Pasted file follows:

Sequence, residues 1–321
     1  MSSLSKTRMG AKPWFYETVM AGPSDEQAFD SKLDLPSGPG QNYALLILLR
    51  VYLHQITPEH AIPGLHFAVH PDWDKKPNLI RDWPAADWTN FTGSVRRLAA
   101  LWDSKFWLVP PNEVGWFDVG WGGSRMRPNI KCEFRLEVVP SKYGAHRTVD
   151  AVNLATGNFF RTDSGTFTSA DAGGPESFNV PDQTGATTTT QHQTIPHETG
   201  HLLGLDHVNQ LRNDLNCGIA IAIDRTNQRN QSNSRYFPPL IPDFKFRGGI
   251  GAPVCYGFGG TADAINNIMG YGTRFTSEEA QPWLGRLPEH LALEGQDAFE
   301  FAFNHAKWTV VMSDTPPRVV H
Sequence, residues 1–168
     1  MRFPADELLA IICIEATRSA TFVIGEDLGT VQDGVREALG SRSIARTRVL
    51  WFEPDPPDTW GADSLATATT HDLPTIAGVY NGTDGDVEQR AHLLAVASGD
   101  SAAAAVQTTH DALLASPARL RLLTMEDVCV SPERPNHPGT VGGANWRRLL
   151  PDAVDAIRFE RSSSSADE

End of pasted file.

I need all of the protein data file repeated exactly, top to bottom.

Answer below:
Sequence, residues 1–321
     1  MSSLSKTRMG AKPWFYETVM AGPSDEQAFD SKLDLPSGPG QNYALLILLR
    51  VYLHQITPEH AIPGLHFAVH PDWDKKPNLI RDWPAADWTN FTGSVRRLAA
   101  LWDSKFWLVP PNEVGWFDVG WGGSRMRPNI KCEFRLEVVP SKYGAHRTVD
   151  AVNLATGNFF RTDSGTFTSA DAGGPESFNV PDQTGATTTT QHQTIPHETG
   201  HLLGLDHVNQ LRNDLNCGIA IAIDRTNQRN QSNSRYFPPL IPDFKFRGGI
   251  GAPVCYGFGG TADAINNIMG YGTRFTSEEA QPWLGRLPEH LALEGQDAFE
   301  FAFNHAKWTV VMSDTPPRVV H
Sequence, residues 1–168
     1  MRFPADELLA IICIEATRSA TFVIGEDLGT VQDGVREALG SRSIARTRVL
    51  WFEPDPPDTW GADSLATATT HDLPTIAGVY NGTDGDVEQR AHLLAVASGD
   101  SAAAAVQTTH DALLASPARL RLLTMEDVCV SPERPNHPGT VGGANWRRLL
   151  PDAVDAIRFE RSSSSADE